And over-al, ther as profit sholde arise, Curteis he was and lowely of servyse. Ther nas no man nowher so vertuous. He was the beste beggere in his hous; [And yaf a certeyn ferme for the graunt, Noon of his brethren cam ther in his haunt;] For thogh a wydwe hadde noght a sho, So plesaunt was his In principio, Yet wolde he have a ferthyng er he wente: His purchas was wel bettre than his rente.
And rage he koude, as it were right a whelpe. Somwhat he lipsed for his wantownesse, To make his Englissh sweete upon his tonge; And in his harpyng, whan that he hadde songe, His eyen twynkled in his heed aryght As doon the sterres in the frosty nyght. A Marchant was ther with a forked berd, In motteleye, and hye on horse he sat; Upon his heed a Flaundryssh bevere hat; His bootes clasped faire and fetisly.
He wolde the see were kept for any thing Bitwixe Middelburgh and Orewelle. Wel koude he in eschaunge sheeldes selle. This worthy man ful wel his wit bisette; Ther wiste no wight that he was in dette, So estatly was he of his gouvernaunce, With his bargaynes and with his chevyssaunce. For sothe he was a worthy man with-alle, But, sooth to seyn, I noot how men hym calle. A Clerk ther was of Oxenford also, That unto logyk hadde longe y-go.
As leene was his hors as is a rake, And he nas nat right fat, I undertake, But looked holwe, and ther-to sobrely. But al be that he was a philosophre, Yet hadde he but litel gold in cofre; But al that he myghte of his freendes hente On bookes and on lernynge he it spente, And bisily gan for the soules preye Of hem that yaf hym wher-with to scoleye.
Of studie took he moost cure and moost heede. Sownynge in moral vertu was his speche; And gladly wolde he lerne and gladly teche. A Sergeant of the Lawe, war and wys, That often hadde been at the Parvys, Ther was also, ful riche of excellence. Discreet he was, and of greet reverence— He semed swich, his wordes weren so wise. Justice he was ful often in assise, By patente, and by pleyn commissioun. For his science and for his heigh renoun, Of fees and robes hadde he many oon.
So greet a purchasour was nowher noon: Al was fee symple to hym in effect; His purchasyng myghte nat been infect. Nowher so bisy a man as he ther nas, And yet he semed bisier than he was. In termes hadde he caas and doomes alle That from the tyme of kyng William were falle. Ther-to he koude endite and make a thyng, Ther koude no wight pynche at his writyng; And every statut koude he pleyn by rote. He rood but hoomly in a medlee cote, Girt with a ceint of silk, with barres smale; Of his array telle I no lenger tale.
A Frankeleyn was in his compaignye. Whit was his berd as is the dayesye; Of his complexioun he was sangwyn. Wel loved he by the morwe a sop in wyn; To lyven in delit was evere his wone, For he was Epicurus owene sone, That heeld opinioun that pleyn delit Was verraily felicitee parfit. An housholdere, and that a greet, was he; Seint Julian he was in his contree. His breed, his ale, was alweys after oon; A bettre envyned man was nowher noon.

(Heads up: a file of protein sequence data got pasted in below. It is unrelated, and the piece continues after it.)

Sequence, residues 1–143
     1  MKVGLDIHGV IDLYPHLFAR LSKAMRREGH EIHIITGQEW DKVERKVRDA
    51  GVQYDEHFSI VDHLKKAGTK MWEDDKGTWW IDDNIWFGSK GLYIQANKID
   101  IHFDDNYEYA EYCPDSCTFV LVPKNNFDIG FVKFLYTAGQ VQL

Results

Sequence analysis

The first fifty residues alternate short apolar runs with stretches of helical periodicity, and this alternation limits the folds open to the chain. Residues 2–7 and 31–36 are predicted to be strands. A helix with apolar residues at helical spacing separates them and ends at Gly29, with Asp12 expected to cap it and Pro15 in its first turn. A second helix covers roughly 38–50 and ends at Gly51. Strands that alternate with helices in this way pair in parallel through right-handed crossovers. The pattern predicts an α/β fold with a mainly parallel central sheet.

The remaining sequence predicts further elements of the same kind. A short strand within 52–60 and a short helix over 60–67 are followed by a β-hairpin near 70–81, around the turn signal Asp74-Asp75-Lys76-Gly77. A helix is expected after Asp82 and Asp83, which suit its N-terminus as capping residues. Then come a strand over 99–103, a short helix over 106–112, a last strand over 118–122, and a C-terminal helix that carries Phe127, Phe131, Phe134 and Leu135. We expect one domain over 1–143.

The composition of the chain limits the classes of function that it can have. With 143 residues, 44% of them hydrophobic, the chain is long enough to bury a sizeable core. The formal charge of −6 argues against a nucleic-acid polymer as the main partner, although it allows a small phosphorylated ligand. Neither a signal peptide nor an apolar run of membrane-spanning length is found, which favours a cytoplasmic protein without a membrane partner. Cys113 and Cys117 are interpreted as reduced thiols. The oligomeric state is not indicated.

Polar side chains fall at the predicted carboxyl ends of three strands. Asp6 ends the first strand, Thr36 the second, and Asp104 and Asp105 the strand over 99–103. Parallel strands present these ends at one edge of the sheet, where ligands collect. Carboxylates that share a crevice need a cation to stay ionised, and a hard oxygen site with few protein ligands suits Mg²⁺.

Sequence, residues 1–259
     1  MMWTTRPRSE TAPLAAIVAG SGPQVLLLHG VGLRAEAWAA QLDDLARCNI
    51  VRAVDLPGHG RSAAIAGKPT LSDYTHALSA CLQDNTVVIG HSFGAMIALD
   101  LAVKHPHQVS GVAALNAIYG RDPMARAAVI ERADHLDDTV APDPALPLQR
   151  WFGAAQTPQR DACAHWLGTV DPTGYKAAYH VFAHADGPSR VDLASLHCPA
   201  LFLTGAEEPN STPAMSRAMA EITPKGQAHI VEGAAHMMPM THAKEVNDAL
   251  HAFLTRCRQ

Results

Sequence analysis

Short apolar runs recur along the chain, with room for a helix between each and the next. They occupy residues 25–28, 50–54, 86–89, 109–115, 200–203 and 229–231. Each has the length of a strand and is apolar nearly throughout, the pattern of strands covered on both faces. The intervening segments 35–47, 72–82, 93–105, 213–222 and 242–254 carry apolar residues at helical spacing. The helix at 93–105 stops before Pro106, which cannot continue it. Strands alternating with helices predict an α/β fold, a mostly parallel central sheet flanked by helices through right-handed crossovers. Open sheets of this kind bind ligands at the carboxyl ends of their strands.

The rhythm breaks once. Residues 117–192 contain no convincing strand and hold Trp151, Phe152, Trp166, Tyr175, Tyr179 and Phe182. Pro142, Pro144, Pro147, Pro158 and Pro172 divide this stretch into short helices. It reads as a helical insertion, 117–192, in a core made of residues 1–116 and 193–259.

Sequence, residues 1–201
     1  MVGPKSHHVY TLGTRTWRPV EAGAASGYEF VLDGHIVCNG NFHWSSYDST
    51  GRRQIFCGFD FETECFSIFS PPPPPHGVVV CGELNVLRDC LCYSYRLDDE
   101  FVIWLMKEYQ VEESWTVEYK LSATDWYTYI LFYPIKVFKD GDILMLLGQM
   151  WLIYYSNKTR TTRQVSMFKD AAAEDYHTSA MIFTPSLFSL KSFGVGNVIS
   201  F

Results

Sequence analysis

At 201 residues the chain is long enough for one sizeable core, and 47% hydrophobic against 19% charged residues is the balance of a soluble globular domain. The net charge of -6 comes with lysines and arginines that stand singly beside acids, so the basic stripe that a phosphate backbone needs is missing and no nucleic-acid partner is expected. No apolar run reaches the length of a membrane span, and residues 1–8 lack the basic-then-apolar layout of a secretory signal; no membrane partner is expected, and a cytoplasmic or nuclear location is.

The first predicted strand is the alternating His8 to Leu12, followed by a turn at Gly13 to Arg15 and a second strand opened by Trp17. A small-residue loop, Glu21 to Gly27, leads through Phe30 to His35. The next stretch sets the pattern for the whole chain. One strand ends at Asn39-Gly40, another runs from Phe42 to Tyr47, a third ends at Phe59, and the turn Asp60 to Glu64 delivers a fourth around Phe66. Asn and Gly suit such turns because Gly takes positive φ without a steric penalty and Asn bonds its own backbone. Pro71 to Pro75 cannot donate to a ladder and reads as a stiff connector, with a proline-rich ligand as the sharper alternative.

Withoute bake mete was nevere his hous, Of fissh and flessh, and that so plentevous, It snewed in his hous of mete and drynke, Of alle deyntees that men koude thynke, After the sondry sesons of the yeer; So chaunged he his mete and his soper. Ful many a fat partrich hadde he in muwe, And many a breem and many a luce in stuwe. Wo was his cook but if his sauce were Poynaunt and sharp, and redy al his geere.
His table dormant in his halle alway Stood redy covered al the longe day. At sessiouns ther was he lord and sire; Ful ofte tyme he was knyght of the shire. An anlaas, and a gipser al of silk, Heeng at his girdel, whit as morne milk. A shirreve hadde he been, and a countour; Was nowher such a worthy vavasour. Ful fressh and newe hir geere apiked was; Hir knyves were chaped noght with bras, But al with silver; wroght ful clene and weel Hire girdles and hir pouches everydeel.
Wel semed ech of hem a fair burgeys To sitten in a yeldehalle, on a deys. It is ful fair to been y-cleped Madame, And goon to vigilies al bifore, And have a mantel roialliche y-bore. A Cook they hadde with hem for the nones, To boille the chiknes with the marybones, And poudre-marchant tart, and galyngale. Wel koude he knowe a draughte of Londoun ale.
But greet harm was it, as it thoughte me, That on his shyne a mormal hadde he; For blankmanger, that made he with the beste. A Shipman was ther, wonynge fer by weste; For aught I woot he was of Dertemouthe. He rood upon a rouncy, as he kouthe, In a gowne of faldyng to the knee.
A daggere hangynge on a laas hadde he Aboute his nekke, under his arm adoun. The hoote somer hadde maad his hewe al broun; And certeinly he was a good felawe. Ful many a draughte of wyn hadde he y-drawe Fro Burdeux-ward, whil that the chapman sleep.
Of nyce conscience took he no keep. If that he faught and hadde the hyer hond, By water he sente hem hoom to every lond. But of his craft to rekene wel his tydes, His stremes, and his daungers hym bisides, His herberwe and his moone, his lode-menage, Ther nas noon swich from Hulle to Cartage.
AURENG-ZEBE. A TRAGEDY
After a brief period in government, he turned his attention almost entirely to writing. Dryden was one of the first English writers to make his living strictly by writing, but this meant he had to cater to popular taste. His long career was astonishingly varied, and he turned his exceptional talents to almost all literary forms. Dryden dominated the entire Restoration period as a poet, playwright, and all-round man of letters. He was the third poet laureate of England. In his old age Dryden was virtually a literary "dictator" in England, with an immense influence on eighteenth-century poetry.
His father, Sha-Jehan, had four sons, to each of whom he delegated the command of a province. It happened, that Sha-Jehan being exhausted by the excesses of the Haram, a report of his death became current in the provinces, and proved the signal for insurrection and discord among his children. Morat Bakshi possessed himself of Surat, after a long siege, and Sultan-Sujah, having declared himself independent in Bengal, advanced as far as Lahor, with a large army. Dara-Sha, the legitimate successor of the crown, was the only son of Sha-Jehan, who preferred filial duty to the prospect of aggrandisement. He dispatched an army against Sultan-Sujah, checked his progress, and compelled him to retreat. But Aureng-Zebe, the third and most wily of the brethren, had united his forces to those of Morat Bakshi, and advancing against Dara-Sha, totally defeated him, and dissipated his army.